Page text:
Posts Tagged Kaizen
Many Agile coaches have their own list of top failure modes. My favorite one is Mike Cohn’s: “How To Fail With Agile: Twenty Tips to Help You Avoid Success“.
But I also want to publish my winning list of things that impact teams and undermine their trust in business and Agile (combined from experience gained observing different teams at different times, so no particular team is meant here 🙂 ).
So tips are written from the Product Owner perspective:
1. Argue in front of team at Sprint Planning. Let them see you were not capable to decide what you want to build them. Moreover, involve them into arguing. This will demonstrate how your (PO) team misses integrity;
2. Demonstrate that being on time does not matter: interrupt meetings with calls, side talks and questions. Leave the room occasionally and be late regularly. Doing this will make it almost impossible to demand on-time delivery from the team;
3. Continuously fail to deliver INVEST stories and integrity in sprint goal/product backlog. Let stories w/o details thought through, so that team feels you had not invest enough time to prepare them. This will also make it easier for team to fail delivering outcome of that stories to you, will make things more ambiguous, so that no one will understand where is failure or what was wrong and will never learn from it, so that improvement will not be feasible;
4. Ignore team signals on complex stories (the ones that are above ~13 story-points, the ones that are risky, big, and usually need to be analyzed and split into smaller chunks in advance). Just let big stories that have big doubts, leading to easier underestimations, over-commitments, sprint failures, causing less team confidence, further under-commitments and wastes of all kinds;
5. Present deadlines ignoring reality “I do not care how you do it, it MUST be done”. With this “masculine” management style you can always push things forward as Agile teams just delivery chain, so they must obey and no matter what they think and capable of;
6. Never share the Product Vision and mid-long term roadmap with the team (just keep it secret);
7. Ignore technical debt (just concentrate on #5);
8. Bombard team with in-sprint questions and “Can you do it now please?” tasks. Explain them that SCRUM is good but now we need to be more “FLEXIBLE”. Moreover, assign tasks to team members without talking to entire team. Demonstrate that you were not been able to plan things for an iteration, this will ruin team trust that they are working on most valuable things and completely undermine their ability to deliver;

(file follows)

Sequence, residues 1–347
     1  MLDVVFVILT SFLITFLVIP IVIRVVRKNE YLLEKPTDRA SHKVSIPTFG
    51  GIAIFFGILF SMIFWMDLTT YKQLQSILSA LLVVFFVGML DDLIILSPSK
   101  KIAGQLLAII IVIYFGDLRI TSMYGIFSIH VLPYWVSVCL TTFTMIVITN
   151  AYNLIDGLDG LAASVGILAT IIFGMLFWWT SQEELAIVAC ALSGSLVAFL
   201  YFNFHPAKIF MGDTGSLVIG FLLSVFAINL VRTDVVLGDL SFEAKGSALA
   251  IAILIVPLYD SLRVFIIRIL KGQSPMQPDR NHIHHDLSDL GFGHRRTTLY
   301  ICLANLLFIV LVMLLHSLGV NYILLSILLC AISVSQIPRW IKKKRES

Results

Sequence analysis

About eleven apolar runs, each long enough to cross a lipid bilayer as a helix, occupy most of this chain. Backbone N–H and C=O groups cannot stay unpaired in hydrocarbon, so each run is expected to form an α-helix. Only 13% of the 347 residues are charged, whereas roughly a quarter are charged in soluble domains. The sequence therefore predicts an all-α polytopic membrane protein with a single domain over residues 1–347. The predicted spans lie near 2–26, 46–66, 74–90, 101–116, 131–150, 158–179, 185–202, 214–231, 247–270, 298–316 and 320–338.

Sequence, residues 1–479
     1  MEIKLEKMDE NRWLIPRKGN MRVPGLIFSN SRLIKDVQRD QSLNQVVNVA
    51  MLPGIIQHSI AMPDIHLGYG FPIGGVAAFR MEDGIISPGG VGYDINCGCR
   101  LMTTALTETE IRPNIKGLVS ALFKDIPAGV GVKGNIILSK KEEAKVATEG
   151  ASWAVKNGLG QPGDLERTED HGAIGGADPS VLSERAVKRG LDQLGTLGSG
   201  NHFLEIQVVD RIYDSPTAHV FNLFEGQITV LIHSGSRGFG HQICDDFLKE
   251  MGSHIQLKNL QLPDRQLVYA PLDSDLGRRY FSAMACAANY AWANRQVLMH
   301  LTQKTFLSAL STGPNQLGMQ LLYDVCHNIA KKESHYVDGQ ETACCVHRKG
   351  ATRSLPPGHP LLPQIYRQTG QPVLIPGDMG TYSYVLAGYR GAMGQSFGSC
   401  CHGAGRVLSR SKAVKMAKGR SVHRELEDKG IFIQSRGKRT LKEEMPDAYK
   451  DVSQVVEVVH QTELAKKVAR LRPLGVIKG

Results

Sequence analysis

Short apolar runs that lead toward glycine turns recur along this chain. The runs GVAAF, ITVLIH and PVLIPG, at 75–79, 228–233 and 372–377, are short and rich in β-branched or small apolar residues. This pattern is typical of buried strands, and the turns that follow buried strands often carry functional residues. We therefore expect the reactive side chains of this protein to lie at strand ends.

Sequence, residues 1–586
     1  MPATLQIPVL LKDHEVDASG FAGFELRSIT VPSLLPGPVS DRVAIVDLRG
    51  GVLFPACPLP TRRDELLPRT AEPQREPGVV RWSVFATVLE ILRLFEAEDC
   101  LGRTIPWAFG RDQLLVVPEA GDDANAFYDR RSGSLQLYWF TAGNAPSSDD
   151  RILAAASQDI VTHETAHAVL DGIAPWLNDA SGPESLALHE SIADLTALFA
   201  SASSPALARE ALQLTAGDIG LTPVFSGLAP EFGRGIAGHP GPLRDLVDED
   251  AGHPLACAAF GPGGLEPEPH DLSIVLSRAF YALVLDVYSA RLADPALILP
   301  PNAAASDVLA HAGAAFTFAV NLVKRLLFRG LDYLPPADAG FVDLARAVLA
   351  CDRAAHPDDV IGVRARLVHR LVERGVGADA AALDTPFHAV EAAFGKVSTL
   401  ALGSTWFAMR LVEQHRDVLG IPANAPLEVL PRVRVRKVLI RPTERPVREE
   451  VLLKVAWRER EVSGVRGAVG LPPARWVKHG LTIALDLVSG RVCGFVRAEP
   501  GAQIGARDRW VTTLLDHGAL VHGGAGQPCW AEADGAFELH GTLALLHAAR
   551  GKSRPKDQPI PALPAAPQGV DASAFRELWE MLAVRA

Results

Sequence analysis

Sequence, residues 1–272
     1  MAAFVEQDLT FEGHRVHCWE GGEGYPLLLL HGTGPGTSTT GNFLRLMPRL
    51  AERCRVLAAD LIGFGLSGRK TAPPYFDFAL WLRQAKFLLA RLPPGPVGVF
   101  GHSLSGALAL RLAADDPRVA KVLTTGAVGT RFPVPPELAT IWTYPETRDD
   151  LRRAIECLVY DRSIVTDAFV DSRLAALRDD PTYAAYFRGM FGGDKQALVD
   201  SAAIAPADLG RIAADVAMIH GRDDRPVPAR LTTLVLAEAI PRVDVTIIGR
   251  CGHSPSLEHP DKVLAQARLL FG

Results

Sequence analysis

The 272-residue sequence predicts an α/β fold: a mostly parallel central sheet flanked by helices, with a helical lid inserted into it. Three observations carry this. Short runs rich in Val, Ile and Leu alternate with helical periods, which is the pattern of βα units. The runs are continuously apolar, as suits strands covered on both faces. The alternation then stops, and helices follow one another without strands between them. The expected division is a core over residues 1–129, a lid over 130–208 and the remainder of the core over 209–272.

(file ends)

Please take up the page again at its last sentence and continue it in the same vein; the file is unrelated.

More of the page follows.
9. Never groom your backlog just leave it to the sprint planning meeting when it is already too late. This will lead to long and stressful discussions as you will have to do it mid-planning,will drain team energy, lead further to fatigue, wrong estimations, poor planning and sprint failure;
10. Always try to find something that team did wrong to pin point and focus on blaming. This is proper way to avoid Kaizen and let team protect themself by “storytelling”;
Recently I observed an interesting trap one team fall into. When asked how confident guys feel about hitting the target, they was almost jointly saying they’re absolutely confident, however burndown chart trend told me they won’t make it.
Well, I am absolutely sure that this is what we all want to have – 100% confidence, however here’s the dangerous trap.
We may stay satisfied and oversee problems (or pretend that tomorow the problems will be gone). Or try not to rise them. Or feel uncomfortable rising them. Or think that others will feel uncomfortable if we raise them, etc…
But, they will NOT disappear. Problems usually have tendency to pile up… And when such a team recognizes that, it’s already too late…. and painful.
Kaizen mindset and “Toyota way of Lean Leadership” cultivate culture of “continuous crisis” that requires continuous improvement . Only having daily cultivated feeling of urgency and need, maintains the rhythm of tense and productive environment that reduces risk of facing a FAILURE.
As Toyota management team stated in 2010:
“We realized we need to develop a grater sense of urgency, in our business. Success is good, but without urgency serious weakness sets in, customer focus declines, creative ideas dry up and before you know it, you’re in trouble”.
So here is the trick to recognize: before you know it, you’re in trouble.
But the word and concept has negative tone and may have de-motivating impact on a team. How to make it distinct and positive?
Here is an advice…
Unlike panic or hysteria, urgency is a constructive, ordered and focused sense, therefore it should not de-motivate. Simply because it results in targeted and the only correct decision and action. Deffer commitment + deliver fast, guys!
To illustrate this imagine fighter aircraft pilot that needs to make the only correct decision and act accordingly within 10 seconds left before he may crash. And here is the difference that also proven by multiple real-life cases:
- Panic: an ordinary pilot most likely starts to hit all buttons around (maximizes focus and work-in-progress) or worse, thinks about death (we will fail…), not believing that this happens to him (we will not fail, I do not see problem, it’s not about us/me…);
- Urgency: trained pilot usually freezes for 7 seconds (analysis, defer commitment), makes decision, then within 3 remaining seconds quickly does (focused, fast) the only correct action to stabilize aircraft;
Feel the difference?
A takeaway is simple: stay open-eyed with reality, constantly challenge your confidence, do not fall into trap of satisfied optimism, distinguish among your will and reality, spread urgency around and stay hungry © for constant improvement.